alexa New Age Pathologists With The Synchrotron: How To Apply The Synchrotron-based X-ray Fluorescence Analysis To Pathological Diagnosis
ISSN: 2157-7439

Journal of Nanomedicine & Nanotechnology
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4th International Conference on Nanotek & Expo
December 01-03, 2014 DoubleTree by Hilton Hotel San Francisco Airport, USA

Akihiro Matsuura and Miyuki Kinebuchi
ScientificTracks Abstracts: J Nanomed Nanotechnol
DOI: 10.4172/2157-7439.S1.017
We have been making a diagnostic guideline of the diseases caused by the intracellular localization and quantity of the trace element not being appropriate using a synchrotron-generated microbeam X-ray in the Spring-8 JASRI and the KEK Tsukuba from 2006. Over 80 specimens have been analyzed. We show here the data using the BL37XU beamline in the SPring-8, a third-generation synchrotron radiation facility (Hyogo, Japan) and KEK Tsukuba, and the method to apply the samples to pathological diagnosis. Briefly, samples are common pathological specimens. They were processed to the formalinfixed paraffin-embedded tissue (FFPE) sections with 2-micrometer (mm) thickness, then removed paraffin with xylene, and then rehydrated with ethanol. In the SPring-8 JASRI, a third-generation synchrotron radiation facility (Hyogo, Japan), we used The BL37XU beamline, which is for trace element analysis. The beam was with a measured flux of more than 1011 photons/s at 10 keV using Pt-coated Kirkpatrick-Baez focusing optics at a glancing angle of 2.8 mrad. Sample were mounted on the XYscanning stage, and X-ray fluorescence was detected with an energy-dispersive X-ray detector (single-element silicon drift detector, Roentec, Berlin Germany) oriented perpendicular to the incident beam. The resultant fluorescence X-ray emission was analyzed with energy dispersive spectrometry (XEDS). The fluorescence counts were extracted from energy dispersive spectra by setting regions about the respective X-ray emission lines. The data sets from each pixel were quantitatively falsecolored and used to construct a picture like as an impressionistic photomosaic using LabView (National Instruments Japan, Tokyo) and IGOR pro (WaveMetrics, Inc. Lake Oswego USA).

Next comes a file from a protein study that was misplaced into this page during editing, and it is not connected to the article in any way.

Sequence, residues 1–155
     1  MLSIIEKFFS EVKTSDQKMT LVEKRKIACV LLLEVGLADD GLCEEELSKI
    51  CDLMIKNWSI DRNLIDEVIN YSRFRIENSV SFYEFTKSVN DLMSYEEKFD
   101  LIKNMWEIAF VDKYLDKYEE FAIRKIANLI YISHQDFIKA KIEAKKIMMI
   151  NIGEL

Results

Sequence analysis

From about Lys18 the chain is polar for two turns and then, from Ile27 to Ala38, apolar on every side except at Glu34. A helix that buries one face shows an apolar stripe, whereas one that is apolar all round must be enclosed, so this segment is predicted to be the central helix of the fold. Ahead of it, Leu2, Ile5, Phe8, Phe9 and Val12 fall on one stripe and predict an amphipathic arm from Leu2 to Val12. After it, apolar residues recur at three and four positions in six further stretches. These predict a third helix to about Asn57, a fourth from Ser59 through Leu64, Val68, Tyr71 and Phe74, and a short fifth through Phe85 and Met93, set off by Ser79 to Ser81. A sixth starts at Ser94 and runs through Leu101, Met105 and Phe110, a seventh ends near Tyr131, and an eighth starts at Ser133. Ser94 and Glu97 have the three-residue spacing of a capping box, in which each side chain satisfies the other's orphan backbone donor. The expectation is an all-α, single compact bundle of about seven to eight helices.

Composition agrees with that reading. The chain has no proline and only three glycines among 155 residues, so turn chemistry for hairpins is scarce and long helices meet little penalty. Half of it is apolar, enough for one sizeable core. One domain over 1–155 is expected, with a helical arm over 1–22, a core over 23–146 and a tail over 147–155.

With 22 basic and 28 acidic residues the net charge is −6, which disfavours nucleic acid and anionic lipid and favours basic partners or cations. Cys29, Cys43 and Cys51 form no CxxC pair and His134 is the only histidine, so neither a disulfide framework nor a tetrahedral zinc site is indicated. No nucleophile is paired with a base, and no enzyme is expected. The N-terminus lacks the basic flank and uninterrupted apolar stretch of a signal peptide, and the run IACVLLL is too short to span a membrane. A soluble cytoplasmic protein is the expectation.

Akihiro Matsuura has completed his MD at the age of 24 years, then PhD at the age of 27 years from Sapporo Medical School and postdoctoral studies from Memorial Sloan-Kettering Cancer Center under Prof. Edward A Boyse. Then, he worked as a research associate at the Molecular Genetics Lab under Prof Fung- Win Shen of Tampa Bay Medical Institute. He is the professor of Molecular Pathology of Graduate School of Medicine, Fujita Health University from 2000. He has run synchrotron analysis more than 100 times, and published more than 139 papers.
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